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Climate and Environment

A Destructive Quake Struck Turkey. A Similar Big One Could Hit Southern California At Any Time

A collapsed building turned into debris is being searched by dozens of people looking for survivors following a massive earthquake in Turkey on February 6, 2023.
Rescuers search for victims and survivors amidst the rubble of a building that collapsed in Adana on February 6, 2023, after a 7.8-magnitude earthquake struck the country's south-east.
(CAN EROK/AFP via Getty Images
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Early Monday morning, those living in and around southern Turkey were awoken by a massive 7.8 magnitude earthquake that pancaked buildings, and resulted in thousands of deaths and injuries. The shaking was so extreme that it was felt as far away as Beirut.

After hours of relentless aftershocks, another massive 7.5 magnitude earthquake struck the area, adding to the destruction.

Earthquakes this size are unusual, but not unheard of in the region. This most recent temblor is the largest that’s hit Turkey in decades. And it’s a good reminder that, even though we haven’t seen a Big One in Southern California since the 1800s, we need to be prepared.

“We can’t predict when it’ll happen, but we do know that eventually an earthquake of this size will hit Southern California,” said Morgan Page, a geophysicist with the U.S. Geological Survey in Pasadena.

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Southern California Is Due For A Big One

There’s a 15% chance that Southern California will get hit by a 7.8 magnitude or larger quake sometime in the next three decades. That’s 44 times more powerful than what we felt during the 1994 Northridge earthquake.

“If we had an earthquake on the San Andreas, which is a similar kind of fault to the East Anatolia fault in Turkey, we would have similar levels of shaking,” said Page.

The Big One: Your Survival Guide
  • At LAist, we've thought a lot about how to motivate people to prep for the massive earthquake that's inevitable here in Southern California. We even dedicated an entire podcast to it.

  • We teamed up in 2021 with our friends at the L.A. Times to push Southern Californians to get ready. You can watch that virtual event covering the basics of quake survival. We've also gathered the best of our coverage in a no-nonsense guide to getting ready. No more excuses. Let's do this.

The potential impacts of a 7.8 magnitude San Andreas quake were laid out by the U.S. Geological Survey in a report released last decade, called The ShakeOut Scenario.

It says that shaking will last upwards of two minutes and will be so violent that those near the epicenter will be thrown to the ground, unable to stand, much less run to safety. There could be building collapses, but likely not on the same scale of what we’re seeing in Turkey because of the types of buildings here.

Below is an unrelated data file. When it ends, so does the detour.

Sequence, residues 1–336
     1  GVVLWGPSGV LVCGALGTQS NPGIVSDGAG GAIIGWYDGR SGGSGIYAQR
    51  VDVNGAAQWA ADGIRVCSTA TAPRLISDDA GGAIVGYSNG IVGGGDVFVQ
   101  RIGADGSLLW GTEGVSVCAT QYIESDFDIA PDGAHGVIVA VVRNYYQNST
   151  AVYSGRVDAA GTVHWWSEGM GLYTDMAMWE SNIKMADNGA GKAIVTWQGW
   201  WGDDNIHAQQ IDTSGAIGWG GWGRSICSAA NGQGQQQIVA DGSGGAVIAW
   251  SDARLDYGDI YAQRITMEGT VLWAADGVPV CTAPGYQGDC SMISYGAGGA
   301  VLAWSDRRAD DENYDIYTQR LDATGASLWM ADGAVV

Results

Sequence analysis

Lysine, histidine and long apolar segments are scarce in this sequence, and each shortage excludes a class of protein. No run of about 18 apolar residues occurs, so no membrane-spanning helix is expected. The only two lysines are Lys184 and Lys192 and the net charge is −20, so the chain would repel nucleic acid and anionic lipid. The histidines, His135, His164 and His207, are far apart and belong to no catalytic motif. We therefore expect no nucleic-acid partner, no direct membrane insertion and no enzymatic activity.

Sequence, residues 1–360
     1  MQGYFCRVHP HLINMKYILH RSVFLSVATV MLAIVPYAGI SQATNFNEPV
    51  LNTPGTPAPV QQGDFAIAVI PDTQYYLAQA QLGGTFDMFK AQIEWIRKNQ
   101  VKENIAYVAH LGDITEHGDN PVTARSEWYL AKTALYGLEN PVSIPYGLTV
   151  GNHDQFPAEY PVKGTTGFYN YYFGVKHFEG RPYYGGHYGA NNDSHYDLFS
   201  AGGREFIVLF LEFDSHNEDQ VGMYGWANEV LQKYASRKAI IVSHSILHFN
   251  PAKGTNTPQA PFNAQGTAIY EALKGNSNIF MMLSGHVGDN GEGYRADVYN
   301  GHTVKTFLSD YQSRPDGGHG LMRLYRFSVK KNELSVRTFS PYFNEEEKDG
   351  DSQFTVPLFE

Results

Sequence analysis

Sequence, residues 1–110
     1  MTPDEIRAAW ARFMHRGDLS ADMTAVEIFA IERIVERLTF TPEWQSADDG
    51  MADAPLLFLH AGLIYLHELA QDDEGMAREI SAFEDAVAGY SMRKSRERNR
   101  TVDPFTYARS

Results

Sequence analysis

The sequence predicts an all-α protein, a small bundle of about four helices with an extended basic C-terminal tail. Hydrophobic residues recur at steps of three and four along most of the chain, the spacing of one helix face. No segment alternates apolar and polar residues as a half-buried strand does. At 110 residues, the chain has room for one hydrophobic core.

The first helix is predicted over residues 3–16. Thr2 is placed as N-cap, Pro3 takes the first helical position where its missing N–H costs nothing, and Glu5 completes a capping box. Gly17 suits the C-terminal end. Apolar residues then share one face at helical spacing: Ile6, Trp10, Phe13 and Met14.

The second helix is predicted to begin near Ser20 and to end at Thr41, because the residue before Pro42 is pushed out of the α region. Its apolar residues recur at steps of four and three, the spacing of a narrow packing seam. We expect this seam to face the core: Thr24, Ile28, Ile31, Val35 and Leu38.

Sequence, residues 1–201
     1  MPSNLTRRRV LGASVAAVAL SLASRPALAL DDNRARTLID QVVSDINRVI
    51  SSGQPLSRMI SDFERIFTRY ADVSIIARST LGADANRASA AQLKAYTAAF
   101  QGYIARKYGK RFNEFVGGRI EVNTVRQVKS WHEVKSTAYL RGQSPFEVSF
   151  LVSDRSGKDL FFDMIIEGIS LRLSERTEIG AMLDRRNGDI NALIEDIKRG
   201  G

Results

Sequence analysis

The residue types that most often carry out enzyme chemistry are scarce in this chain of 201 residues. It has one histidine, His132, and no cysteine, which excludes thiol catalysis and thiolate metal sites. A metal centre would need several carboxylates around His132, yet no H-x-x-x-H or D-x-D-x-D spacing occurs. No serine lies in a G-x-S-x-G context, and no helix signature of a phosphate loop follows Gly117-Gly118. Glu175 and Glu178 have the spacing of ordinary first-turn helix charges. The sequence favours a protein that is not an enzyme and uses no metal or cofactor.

Fires will likely break out as gas lines rupture, and water would be unavailable to fight conflagrations as our ancient cast-iron water distribution lines crack and lose pressure. If the quake hit on a windy day, it wouldn’t be a surprise if neighborhoods burned down.

The report estimates that we’d likely see upwards of 1,800 deaths and 15,000 injuries.

Hospitals and emergency services will likely be overwhelmed, and you’ll largely be on your own for days, if not weeks, as outside help slowly trickles in. And that’s why it’s important to prepare.

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A Deadly Quake Could Come From Any Number of Faults

It’s not just the San Andreas that you should pay attention to.

The San Jacinto and Elsinore faults are large and could also cause region-wide chaos. And then there are the smaller faults like Puente Hills, which runs directly underneath a densely populated part of L.A., and could do immense damage there.

Look at a map of the region with the faults highlighted, and you’ll see quakes can come from almost any direction.

A map of Southern California with the faults displayed. Looks like someone threw spaghetti down!
A map faults stretching across Southern California as seen on the Uniform California Earthquake Rupture Forecast. The big red line in the upper right is the San Andreas fault.
(Southern California Earthquake Center

Get Prepared

If you want to learn more about this specific scenario and how to prepare for it, listen to our podcast, The Big One: Your Survival Guide, which takes you through terrifying post quake LA.

Over here we’ve got guides to help you put together go bags, and remind you to stock up on water, food, and medicine, because during a disaster you’re going to have to help yourself and your neighbors first.

What do you want to know about fires, earthquakes, climate change or any science-related topics?
Jacob Margolis helps Southern Californians understand the science shaping our imperfect paradise and gets us prepared for what’s next.

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